My overriding goal with the Edge was to make the design simple. Removing unnecessary complexity to me is a highly desirable goal in all aspects of training, including the equipment. Simplicity re-focuses the athlete on the important things like level of effort, strict form, completion of the training and listening to the body. Additionally I’m acutely aware through coaching many climbers that the somewhat garish appearance of some fingerboards are an impediment to building fingerboarding into the regular routine of climbers with family/shared homes and busy schedules. A fingerboard that is conveniently situated is a lot more likely to get used, but some non-climbing relatives or friends legitimately object to a loud or ‘homemade’ looking training setup being installed in an otherwise nicely decorated kitchen or living room! So we wanted to make the appearance of the Edge as low-key and neutral as it could be without sacrificing any functionality. Climbers who live in a climbing household, or alone, might scoff at this idea, but I’m certain that a good number of climbers I’ve coached will welcome it and finally get their home fingerboard installed.

Finally, we wanted to make the hangboard from wood that is sustainably and locally sourced and manufactured. The hardwoods used to make fingerboards is a resource which can be a contributor to environmental damage along several lines (GHG emissions, transport, deforestation etc) and we didn’t want to be a contributor to this. We knew this would noticeably raise the cost compared to some other boards which sometimes use imported wood and/or manufacture in distant corners of the globe. Edge boards are made from Scottish Ash and each board carries the precise grid reference of the source tree. It also carries the Scottish Working Woods logo. As a licensee of this label scheme, it ensures that the wood and manufacturing is local, and the scheme is managed by a range of environmental organisations such as The Forestry Commission and Reforesting Scotland, which promote sustainable practice of both forest management in Scotland and production of wood products. Clearly, this is something that’s important to me, and my guess is that it will be important to lot of climbers, who as a group are more environmentally aware in general and supportive of efforts to minimise the impact of our activities on the environment.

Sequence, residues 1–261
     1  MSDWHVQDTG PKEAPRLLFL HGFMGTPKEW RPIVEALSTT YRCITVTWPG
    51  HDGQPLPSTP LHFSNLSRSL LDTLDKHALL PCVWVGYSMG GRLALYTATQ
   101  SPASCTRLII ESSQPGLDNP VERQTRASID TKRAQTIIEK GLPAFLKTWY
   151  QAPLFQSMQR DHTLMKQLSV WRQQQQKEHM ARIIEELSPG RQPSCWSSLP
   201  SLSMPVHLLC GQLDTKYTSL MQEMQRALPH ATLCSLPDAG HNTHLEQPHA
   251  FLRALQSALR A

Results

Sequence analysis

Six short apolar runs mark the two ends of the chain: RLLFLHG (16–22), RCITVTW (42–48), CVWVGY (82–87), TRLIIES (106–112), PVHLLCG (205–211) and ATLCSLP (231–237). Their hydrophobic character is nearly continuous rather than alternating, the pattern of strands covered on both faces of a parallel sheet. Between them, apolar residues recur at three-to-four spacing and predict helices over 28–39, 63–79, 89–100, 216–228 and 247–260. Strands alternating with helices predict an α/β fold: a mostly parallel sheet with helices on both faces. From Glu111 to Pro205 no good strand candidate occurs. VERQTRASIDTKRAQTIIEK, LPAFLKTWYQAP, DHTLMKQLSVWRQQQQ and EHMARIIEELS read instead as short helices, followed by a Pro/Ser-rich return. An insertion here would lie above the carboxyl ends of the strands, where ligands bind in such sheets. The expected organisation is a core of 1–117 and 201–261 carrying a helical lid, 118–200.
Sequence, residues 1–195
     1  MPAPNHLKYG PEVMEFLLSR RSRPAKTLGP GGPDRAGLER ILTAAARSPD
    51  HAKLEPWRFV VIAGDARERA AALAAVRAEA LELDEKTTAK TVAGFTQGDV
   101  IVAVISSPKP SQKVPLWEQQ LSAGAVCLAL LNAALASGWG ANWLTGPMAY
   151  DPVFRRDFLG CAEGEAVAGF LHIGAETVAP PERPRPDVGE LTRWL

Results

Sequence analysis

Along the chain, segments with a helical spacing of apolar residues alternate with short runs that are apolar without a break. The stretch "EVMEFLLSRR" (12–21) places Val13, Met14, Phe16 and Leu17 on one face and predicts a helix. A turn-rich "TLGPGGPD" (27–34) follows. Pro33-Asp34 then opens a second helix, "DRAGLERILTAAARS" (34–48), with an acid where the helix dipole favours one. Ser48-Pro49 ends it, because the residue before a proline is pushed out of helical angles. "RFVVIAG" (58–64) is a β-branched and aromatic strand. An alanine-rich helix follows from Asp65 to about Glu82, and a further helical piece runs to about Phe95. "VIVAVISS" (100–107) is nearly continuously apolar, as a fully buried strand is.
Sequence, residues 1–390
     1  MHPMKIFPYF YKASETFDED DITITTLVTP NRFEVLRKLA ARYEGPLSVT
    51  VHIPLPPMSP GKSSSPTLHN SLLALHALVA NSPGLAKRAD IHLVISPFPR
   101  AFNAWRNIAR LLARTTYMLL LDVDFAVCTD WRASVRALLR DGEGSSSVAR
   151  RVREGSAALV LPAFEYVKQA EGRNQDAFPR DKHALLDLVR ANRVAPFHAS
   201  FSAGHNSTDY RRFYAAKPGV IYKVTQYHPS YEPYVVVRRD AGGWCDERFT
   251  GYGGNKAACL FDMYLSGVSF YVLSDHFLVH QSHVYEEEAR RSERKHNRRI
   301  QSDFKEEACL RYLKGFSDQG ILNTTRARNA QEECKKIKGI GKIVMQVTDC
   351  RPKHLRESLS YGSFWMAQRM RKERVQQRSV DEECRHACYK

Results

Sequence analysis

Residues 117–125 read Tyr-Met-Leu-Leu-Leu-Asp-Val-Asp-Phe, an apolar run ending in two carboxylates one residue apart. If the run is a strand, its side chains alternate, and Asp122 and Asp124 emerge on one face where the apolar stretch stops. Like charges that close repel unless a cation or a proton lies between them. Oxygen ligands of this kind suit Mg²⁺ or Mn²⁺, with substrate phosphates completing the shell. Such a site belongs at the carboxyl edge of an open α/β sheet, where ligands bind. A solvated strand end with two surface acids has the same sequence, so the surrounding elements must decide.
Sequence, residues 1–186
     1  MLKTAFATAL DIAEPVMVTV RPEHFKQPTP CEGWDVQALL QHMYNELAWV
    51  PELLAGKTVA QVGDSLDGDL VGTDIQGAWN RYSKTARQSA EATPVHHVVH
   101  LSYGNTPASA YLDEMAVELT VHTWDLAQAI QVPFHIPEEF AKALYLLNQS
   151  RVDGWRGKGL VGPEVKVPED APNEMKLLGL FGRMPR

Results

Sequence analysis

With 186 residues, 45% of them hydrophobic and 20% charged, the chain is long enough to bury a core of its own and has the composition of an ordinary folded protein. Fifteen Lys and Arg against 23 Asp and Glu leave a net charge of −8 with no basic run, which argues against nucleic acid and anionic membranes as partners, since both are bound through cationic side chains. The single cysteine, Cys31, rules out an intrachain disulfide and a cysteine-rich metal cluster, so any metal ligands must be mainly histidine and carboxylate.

So, with all that said, if you are thinking “that all sounds good, I would like one, but how do I use it” I took some time to make the 25 minute video with a good deal of information about most aspects of how to fingerboard. My view would be that what’s not in this video is less important, but if it leaves you with further questions, please leave a comment below and I’ll try to answer it, and if need be update the video. The video is aimed at folk who don’t yet habitually fingerboard, or do a bit and want to get more out of it. In due course I’ll make another one with some even more geeky details for real board monsters.

You can check it out and order here (shipping worldwide).

How to Hangboard from Dave MacLeod on Vimeo.